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As I See It

Would No Deal really wreak havoc with the economy?

Brian Monteith portrait

The Treasury has groaned and the Bank of England has moaned – and any executive of a business association worth his or her salt has chipped in, too. We are all doomed, if there’s no deal, apparently. 

With only Theresa May’s deal supposedly on the table (and make no mistake it is very much her deal) MPs are being urged to accept it or face “catastrophe” and “chaos”.

With all the economic doom-mongering, including dire forecasts from the Bank of England and the Treasury,  one might be forgiven for believing a Brexit “No Deal” had happened already and was wreaking the havoc predicted.

But there is plenty of good news around. Investment is still pouring into British companies, and orders are still piling in from overseas companies.  Berlin has just ordered 200 buses from Alexander Dennis in Falkirk  and a French drinks company has put its faith in Scotch whisky by buying up the Cutty Sark brand from Edrington. These and other developments are happening in the face of warnings of a No Deal Brexit.

But what about those tariffs and all those queues at the ports? Will they not be an issue from April next year? The truth is there may be some upheaval, some changes may be required and made. But catastrophic? Apocalyptic? 

A report released last week by Global Britain  looked at customs operations and found the problems were mostly imaginary or grossly inflated. It looked at 17 alleged problems and found them all resolvable, including arrangements for ‘Just in Time’ processes where over 20% of car parts already come from outside the EU without difficulty.  

The scare stories about aircraft not flying and visa-free travel ending are, one-by-one, all being resolved – with the EU already having announced what we have always known, that it is in its interests that aircraft fly and that free movement for visitors will continue. 

When it comes to the vote on the 11 December the most likely outcomes facing the UK are:

May’s deal gets through the Commons: everyone focuses on their Christmas shopping.

May’s deal is defeated: There are now 100 Tory MPs that have said they will rebel, while there is no political incentive for Jeremy Corbyn to help her – as he will benefit from political chaos and confusion in the hope of forcing a general election or referendum. Likewise Labour’s various factions each have their own tactical reasons to vote the deal down to strengthen their hand. Attempts will be made at bringing forward other compromises or solutions, but none are expected to gain enough support in Parliament – nor is it certain the EU the EU would accede to overtures for further compromises anyway.

No Deal becomes a reality: If May’s deal is defeated then the default position under the European Union (Withdrawal) Act is that we leave the EU on 29 March without a trade agreement and will therefore trade under the rules of the World Trade Organisation, of which the UK was a founding member. This is how most other countries such as the US and China trade with the EU. The UK will be able to set its own import tariffs (possibly making foods and clothing cheaper) but face tariffs for some of its exports (such as some goods and foods) to the EU. Fortunately, the fall in value of sterling offsets the cost of EU tariffs in many cases. From day one new trade deals can be negotiated with other countries and there is no obligation to hand over £39 billion to Brussels.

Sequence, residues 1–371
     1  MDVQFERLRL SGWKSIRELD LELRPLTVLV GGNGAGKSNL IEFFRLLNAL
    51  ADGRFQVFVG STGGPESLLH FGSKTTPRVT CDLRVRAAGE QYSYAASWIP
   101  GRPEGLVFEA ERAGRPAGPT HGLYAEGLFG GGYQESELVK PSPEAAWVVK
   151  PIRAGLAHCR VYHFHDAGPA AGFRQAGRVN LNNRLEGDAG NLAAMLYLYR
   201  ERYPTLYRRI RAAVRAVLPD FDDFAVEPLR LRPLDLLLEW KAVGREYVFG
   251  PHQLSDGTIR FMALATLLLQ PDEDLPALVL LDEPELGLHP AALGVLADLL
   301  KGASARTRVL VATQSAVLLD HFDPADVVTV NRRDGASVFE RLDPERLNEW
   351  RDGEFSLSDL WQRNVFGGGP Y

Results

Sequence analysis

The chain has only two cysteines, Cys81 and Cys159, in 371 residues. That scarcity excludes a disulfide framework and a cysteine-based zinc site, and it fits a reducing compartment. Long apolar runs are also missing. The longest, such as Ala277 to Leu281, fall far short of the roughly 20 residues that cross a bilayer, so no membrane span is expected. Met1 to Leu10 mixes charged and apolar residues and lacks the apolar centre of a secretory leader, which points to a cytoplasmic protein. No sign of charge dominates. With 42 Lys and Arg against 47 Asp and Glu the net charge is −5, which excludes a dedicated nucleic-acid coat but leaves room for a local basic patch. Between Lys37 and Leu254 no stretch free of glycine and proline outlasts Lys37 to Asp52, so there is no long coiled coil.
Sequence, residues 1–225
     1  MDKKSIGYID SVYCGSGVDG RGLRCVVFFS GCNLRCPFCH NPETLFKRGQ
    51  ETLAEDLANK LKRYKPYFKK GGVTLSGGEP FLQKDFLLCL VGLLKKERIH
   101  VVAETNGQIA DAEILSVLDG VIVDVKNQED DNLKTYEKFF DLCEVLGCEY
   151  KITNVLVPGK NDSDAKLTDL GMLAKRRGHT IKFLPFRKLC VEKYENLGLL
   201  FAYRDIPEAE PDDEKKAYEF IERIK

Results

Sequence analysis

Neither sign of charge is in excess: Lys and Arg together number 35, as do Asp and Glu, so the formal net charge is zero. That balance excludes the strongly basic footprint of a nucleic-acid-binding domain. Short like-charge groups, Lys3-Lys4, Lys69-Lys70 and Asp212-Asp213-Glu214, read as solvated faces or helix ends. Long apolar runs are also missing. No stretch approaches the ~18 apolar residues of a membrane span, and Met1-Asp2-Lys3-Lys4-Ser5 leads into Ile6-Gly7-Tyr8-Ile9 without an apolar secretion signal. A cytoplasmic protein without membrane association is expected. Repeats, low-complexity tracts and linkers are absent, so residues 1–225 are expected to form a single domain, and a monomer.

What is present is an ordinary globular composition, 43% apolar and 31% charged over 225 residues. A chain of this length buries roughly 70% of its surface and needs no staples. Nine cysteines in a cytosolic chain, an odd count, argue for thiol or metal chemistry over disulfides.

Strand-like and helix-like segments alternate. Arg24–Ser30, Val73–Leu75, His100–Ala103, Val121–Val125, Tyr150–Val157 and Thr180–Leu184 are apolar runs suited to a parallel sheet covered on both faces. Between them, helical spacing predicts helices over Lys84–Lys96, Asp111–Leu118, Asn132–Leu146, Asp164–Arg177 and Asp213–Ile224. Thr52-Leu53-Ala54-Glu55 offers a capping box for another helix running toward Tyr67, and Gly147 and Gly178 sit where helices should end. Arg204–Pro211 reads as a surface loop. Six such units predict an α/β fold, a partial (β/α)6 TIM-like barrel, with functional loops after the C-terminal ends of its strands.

The only way to stop “No Deal” is to amend the Act, but passing a motion is not enough, it requires a full parliamentary process and there might not be enough time.

A general election or referendum: Thanks to the Fixed-Term Parliaments Act there would need to be a two-thirds majority of MPs voting for a general election – but this will be opposed by Conservatives who would fear losing many of their seats. Likewise, calling a referendum to take place before 29 March appears impossible due to lack of time.

Coup against May: Faced with this scenario more rebellious Tories from the leaver and remainer camps can be expected to try and remove Mrs May following her inability to negotiate an acceptable deal, believing they need someone new to solve the mess and fearing she will also make a disaster of the next general election in 2022. The likely winner will be Boris Johnson, Savid Javid or Jeremy Hunt – who will have until 21 January to negotiate a better deal than Mrs May has managed. On that date a motion must come before the Commons stating what deal has or has not been achieved. After that it must be No Deal if nothing has complied with the Withdrawal Act.

Last ditch attempt for a Norway-style relationship with the EU:  This option means joining the European Free Trade Association that allows membership of the European Economic Area which would put the UK inside the Single Market with open EU migration, while paying a hefty fee for doing so. As it would mean being outside the Customs Union it does not solve the Irish Backstop problem so the EU is unlikely to agree – and even Norway has raised doubts about the UK’s membership of EFTA.

Faced with these options we can expect all sorts of last minute customs and trading arrangements to be proposed – with the last throw of the dice being an attempt to extend the date of leaving beyond 29 March – but this too requires and amendment to the Withdrawal Act.

Conducting business under WTO rules is not unusual, in fact it is more normal than trading from a Customs Union like the EU, but the UK has been slow to prepare for it and if that is how we are to trade then the quicker we accept it and plan for it the better it will be for our exporting businesses.

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